Law School Case Brief
Gucci Am., Inc. v. Frontline Processing Corp. - 721 F. Supp. 2d 228 (S.D.N.Y. 2010)
To satisfy due process, a party seeking the exercise of jurisdiction over an out-of-state defendant must demonstrate that the assertion of jurisdiction comports with traditional notions of fair play and substantial justice - that is, whether it is reasonable under the circumstances of the case. Five factors are considered to determine the reasonableness of jurisdiction: (1) the burden of jurisdiction on the defendant; (2) the interest of the forum in adjudicating the case; (3) the plaintiff's interest in convenient and effective relief; (4) the judicial system's interest in obtaining the most efficient resolution of the dispute; and (5) the shared interests of the states in furthering "social substantive policies." Where the other elements for jurisdiction have been met, dismissals on reasonableness grounds should be "few and far between."
This case arises out of Gucci America, Inc.'s (Gucci) attempts to eliminate online sales of counterfeit products and the unauthorized use of the Gucci Marks. In Gucci America, Inc., et al. v. Laurette Company, Inc., et al., No. 08 Civ. 5065(LAK), Gucci brought suit in the federal district against certain defendants, collectively known as the "Laurette Counterfeiters" or "Laurette," for the sale of counterfeit Gucci products on a website called "TheBagAddiction.com." Through this website, the Laurette Counterfeiters sold a variety of "replica" luxury products, and, in particular, sold replica Gucci products under the Gucci name, with the various Gucci registered trademarks, and at fractions of the retail price for an authentic version. Eventually, Laurette consented to the entry of judgment and admitted liability for counterfeiting activities.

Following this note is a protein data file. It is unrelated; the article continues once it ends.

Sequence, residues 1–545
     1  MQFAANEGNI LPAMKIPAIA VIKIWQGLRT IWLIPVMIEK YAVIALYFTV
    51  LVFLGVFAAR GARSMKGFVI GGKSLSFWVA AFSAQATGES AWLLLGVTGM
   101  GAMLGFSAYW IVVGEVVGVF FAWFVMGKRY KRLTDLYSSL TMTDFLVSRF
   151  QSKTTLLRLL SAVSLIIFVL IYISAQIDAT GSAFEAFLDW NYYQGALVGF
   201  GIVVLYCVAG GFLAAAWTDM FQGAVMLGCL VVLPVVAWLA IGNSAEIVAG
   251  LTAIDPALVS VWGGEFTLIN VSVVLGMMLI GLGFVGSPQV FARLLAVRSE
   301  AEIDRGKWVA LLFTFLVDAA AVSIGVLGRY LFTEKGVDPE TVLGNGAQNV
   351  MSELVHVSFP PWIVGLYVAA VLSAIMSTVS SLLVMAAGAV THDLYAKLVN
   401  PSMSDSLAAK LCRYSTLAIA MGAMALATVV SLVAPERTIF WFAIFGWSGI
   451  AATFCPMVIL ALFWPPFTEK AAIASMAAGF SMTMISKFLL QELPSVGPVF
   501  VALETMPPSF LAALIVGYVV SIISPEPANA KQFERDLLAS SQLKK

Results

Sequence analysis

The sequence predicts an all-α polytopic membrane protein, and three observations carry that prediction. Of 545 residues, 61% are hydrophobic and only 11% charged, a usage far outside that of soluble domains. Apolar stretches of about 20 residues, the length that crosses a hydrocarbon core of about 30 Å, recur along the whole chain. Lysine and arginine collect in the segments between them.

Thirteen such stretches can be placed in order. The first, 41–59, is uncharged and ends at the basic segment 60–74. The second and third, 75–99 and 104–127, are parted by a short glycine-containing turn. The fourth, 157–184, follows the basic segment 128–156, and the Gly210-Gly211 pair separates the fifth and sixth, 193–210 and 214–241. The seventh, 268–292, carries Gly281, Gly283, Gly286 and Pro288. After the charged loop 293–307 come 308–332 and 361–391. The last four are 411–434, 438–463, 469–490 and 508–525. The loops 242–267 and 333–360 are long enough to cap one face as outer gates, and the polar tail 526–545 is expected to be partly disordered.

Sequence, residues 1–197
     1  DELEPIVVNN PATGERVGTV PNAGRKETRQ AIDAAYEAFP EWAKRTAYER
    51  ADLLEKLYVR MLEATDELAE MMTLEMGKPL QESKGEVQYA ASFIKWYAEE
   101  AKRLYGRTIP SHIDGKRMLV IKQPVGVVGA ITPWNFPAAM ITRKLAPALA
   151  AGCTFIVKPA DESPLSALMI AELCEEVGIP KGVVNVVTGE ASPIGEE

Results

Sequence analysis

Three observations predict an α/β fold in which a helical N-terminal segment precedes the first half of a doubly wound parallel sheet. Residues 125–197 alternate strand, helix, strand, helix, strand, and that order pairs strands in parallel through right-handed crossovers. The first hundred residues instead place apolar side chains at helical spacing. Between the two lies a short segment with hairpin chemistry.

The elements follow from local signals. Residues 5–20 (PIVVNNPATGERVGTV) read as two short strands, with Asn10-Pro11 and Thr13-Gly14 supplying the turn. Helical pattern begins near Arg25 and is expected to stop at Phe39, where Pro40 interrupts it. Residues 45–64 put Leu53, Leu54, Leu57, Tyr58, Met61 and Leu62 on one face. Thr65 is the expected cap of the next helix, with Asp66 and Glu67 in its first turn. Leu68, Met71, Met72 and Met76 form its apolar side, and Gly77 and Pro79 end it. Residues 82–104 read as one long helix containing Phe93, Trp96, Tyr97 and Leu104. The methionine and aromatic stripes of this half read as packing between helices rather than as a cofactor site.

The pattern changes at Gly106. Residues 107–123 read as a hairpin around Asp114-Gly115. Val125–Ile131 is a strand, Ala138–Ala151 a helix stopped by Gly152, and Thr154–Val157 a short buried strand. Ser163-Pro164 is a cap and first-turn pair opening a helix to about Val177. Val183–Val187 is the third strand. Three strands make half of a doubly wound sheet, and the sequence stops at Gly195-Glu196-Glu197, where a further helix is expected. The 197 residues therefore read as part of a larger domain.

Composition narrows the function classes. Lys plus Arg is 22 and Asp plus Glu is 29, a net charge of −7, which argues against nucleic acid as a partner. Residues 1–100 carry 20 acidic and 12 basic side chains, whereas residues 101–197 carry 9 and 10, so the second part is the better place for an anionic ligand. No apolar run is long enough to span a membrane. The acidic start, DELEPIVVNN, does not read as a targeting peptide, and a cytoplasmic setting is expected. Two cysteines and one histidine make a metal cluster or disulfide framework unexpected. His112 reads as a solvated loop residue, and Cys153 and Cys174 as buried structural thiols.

Gucci brought the present action against three companies, Durango Merchant Services, Frontline Processing Corporation, and Woodforest National Bank, who allegedly assisted the Laurette Counterfeiters and other similar website operators.
Should the motion to dismiss be granted on personal jurisdiction and failure to state a claim grounds?
N.Y. C.P.L.R. 302(a)(3)(ii) jurisdiction was proper over defendants because (1) the manufacturer's claims arose from their torts committed outside New York, (2) a New York company was hurt, (3) each had substantial revenue from interstate commerce, and (4) each knew their business with the seller would have New York consequences. Personal jurisdiction did not offend due process because they had minimum New York contacts, purposefully availed themselves of doing business there, and jurisdiction was reasonable. They were not directly or vicariously liable for infringement because they (1) did not use a mark in commerce, and (2) were not the seller's partner. A processor's contributory liability was pled because (1) serving high risk clients induced infringement, and (2) it helped avoid customers knowing the goods were fakes, but the other processor and the bank did not help set up the seller's credit card processing. The bank's and the other processor's contributory liability was pled because they (1) knew or were blind to infringement, and (2) could stop the seller's sales.
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